The cicada’s lifespan is only 4-5 weeks long
In this week’s addition of “What in the shit am I seeing with my own eyeballs,” a certain type of cicada that only hatches every 17 years is hatching by the billions (with a B) in certain parts of the United States and they are not here to play. They are, however, here to mate.
If you live in Pennsylvania, New Jersey, Michigan, Illinois, Georgia, Virginia, West Virginia, New York, Indiana, Ohio, Maryland, North Carolina, Delaware, Kentucky, eastern Tennessee or Washington, D.C., congratulations, you can officially scratch, “I’ve seen the Brood X cicada exoskeleton” off your 2021 Bingo card.
These puppies have been laying dormant underground for the past 17 years, feeding on sap from the rootlets of grasses and trees and slowly maturing, ready to emerge right as vaccinated people are beginning to leave their homes and reacquaint themselves with the outside world. Expert timing. Though they aren’t harmful to humans, they have a creep factor of 100% and they don’t travel alone.
People have been sharing videos on social media of their lawns and nearby areas filled with hundreds, even thousands, of cicadas. They shed their exoskeleton, leaving it dangling on trees and in the grass like a scene out of Walking Dead But For Bugs. Sounds scary, right? Here’s an added nugget to add to the terror.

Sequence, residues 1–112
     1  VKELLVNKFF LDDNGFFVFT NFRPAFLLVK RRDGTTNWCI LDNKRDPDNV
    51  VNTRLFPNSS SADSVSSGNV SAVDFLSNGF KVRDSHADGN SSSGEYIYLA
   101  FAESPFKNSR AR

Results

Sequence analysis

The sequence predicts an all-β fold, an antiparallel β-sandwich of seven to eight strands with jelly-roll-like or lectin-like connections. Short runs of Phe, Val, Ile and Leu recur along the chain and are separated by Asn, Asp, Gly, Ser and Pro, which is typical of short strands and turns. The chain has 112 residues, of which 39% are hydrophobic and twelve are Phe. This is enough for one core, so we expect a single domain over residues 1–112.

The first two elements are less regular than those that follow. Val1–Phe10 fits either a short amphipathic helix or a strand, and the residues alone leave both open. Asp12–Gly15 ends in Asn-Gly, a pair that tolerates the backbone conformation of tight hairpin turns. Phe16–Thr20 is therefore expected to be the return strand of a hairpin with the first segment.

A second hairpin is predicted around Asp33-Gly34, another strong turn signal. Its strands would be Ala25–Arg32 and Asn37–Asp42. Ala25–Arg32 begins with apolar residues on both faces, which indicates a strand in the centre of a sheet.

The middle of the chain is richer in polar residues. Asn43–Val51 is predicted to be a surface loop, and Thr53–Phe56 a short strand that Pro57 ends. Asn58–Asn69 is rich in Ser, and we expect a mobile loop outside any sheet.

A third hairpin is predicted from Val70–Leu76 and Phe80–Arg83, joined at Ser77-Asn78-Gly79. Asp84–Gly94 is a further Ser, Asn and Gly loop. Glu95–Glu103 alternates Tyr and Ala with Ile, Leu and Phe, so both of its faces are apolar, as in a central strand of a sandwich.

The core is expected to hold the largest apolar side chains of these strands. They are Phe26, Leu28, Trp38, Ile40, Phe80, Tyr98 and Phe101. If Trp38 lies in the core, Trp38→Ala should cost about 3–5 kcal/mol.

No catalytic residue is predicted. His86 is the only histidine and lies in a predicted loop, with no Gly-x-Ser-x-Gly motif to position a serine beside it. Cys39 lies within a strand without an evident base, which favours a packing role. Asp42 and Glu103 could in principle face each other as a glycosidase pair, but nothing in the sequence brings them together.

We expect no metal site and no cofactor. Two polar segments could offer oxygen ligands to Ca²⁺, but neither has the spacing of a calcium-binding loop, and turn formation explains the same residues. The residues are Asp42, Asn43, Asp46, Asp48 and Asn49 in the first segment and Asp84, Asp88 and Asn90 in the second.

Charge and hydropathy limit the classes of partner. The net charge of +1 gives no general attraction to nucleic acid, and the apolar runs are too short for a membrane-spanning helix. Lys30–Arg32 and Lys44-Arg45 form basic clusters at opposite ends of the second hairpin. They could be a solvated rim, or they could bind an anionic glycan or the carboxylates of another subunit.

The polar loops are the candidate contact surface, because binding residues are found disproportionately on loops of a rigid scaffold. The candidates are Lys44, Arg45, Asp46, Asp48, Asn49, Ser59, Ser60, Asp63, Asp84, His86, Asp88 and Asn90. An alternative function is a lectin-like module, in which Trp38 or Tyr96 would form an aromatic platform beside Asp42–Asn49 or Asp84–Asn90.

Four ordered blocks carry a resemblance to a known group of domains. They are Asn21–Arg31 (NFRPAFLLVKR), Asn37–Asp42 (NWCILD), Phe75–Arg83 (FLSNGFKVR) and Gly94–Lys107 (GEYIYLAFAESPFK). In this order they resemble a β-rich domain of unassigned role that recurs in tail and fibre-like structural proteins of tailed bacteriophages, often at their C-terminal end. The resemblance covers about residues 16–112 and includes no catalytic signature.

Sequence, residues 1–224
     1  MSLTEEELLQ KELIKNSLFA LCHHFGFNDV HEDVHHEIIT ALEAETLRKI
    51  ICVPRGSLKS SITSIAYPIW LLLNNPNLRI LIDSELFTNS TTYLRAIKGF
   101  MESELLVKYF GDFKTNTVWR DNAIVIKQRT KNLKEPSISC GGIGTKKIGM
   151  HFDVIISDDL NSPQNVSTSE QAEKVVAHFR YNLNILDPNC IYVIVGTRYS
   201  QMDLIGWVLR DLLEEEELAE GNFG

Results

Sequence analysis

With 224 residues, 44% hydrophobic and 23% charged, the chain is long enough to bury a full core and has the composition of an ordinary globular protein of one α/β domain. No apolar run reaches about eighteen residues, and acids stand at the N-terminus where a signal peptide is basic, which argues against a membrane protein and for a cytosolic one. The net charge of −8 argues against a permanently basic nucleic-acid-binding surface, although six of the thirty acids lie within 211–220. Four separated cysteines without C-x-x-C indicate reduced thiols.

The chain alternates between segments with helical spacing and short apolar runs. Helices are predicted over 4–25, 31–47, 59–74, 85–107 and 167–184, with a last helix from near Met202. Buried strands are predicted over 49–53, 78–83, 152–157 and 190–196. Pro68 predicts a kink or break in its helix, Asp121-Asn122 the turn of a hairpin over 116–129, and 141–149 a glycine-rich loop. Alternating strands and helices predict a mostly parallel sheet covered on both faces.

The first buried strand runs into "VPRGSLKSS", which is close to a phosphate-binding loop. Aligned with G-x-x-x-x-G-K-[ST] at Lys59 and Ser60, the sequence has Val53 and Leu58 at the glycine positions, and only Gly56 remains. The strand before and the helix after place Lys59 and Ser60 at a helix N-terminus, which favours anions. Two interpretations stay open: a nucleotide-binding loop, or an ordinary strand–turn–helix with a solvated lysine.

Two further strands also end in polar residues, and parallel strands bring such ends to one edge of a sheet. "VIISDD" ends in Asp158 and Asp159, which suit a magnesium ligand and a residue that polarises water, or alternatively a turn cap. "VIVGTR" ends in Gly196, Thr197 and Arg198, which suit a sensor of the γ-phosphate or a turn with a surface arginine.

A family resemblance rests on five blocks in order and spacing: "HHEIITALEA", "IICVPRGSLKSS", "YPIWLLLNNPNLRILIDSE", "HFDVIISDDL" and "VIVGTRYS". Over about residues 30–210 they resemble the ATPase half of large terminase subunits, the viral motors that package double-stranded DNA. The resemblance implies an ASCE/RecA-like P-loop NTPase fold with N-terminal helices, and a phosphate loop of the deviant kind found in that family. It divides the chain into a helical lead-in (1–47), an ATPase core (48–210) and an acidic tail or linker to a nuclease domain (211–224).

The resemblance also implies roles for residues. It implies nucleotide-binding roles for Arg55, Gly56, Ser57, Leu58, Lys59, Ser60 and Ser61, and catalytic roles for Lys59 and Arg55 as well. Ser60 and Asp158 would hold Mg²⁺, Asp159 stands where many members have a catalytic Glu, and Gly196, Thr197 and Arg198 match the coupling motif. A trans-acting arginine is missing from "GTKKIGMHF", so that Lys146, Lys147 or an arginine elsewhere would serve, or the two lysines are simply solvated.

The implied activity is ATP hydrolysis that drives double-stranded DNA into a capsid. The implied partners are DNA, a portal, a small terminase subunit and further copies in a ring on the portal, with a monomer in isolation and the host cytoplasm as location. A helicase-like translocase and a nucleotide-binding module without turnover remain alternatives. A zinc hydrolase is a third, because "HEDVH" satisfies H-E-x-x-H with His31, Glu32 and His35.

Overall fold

Like, holy shit. Beam me the hell up to wherever this isn’t happening.
Just… absolutely not.
According to the Washington Post, some cicadas can develop a yellow-white fungus that grows inside of them until it actually fills it all the way and pushes out against their abdomens causing the back halves of their bodies to fall off. “Driven by a chemical compound in the fungus — and now lacking butts and genitals — the bugs try to mate like crazy,” leaving some researchers to call them “flying salt shakers of death.” Good luck ever sleeping again.
The lifespan of the Brood X cicadas is only four to six weeks, so they’ll begin dying off in late June and early July. The nymphs, however, will hibernate underground for the next 17 years until we see them again in 2038. While they’re alive, they will spend time mating (with and without genitals), singing loudly, and driving people crazy shedding themselves in public.
Predators do enjoy this time, however, and according to Scientific American, it can be overwhelming to have this sort of insect buffet at their doorstep so quickly. But not to worry. “Consequently, even after the birds, mammals and fish have sated themselves on the plump, defenseless insects,” they said, “plenty of cicadas remain to produce the next generation.” See ya in another 17.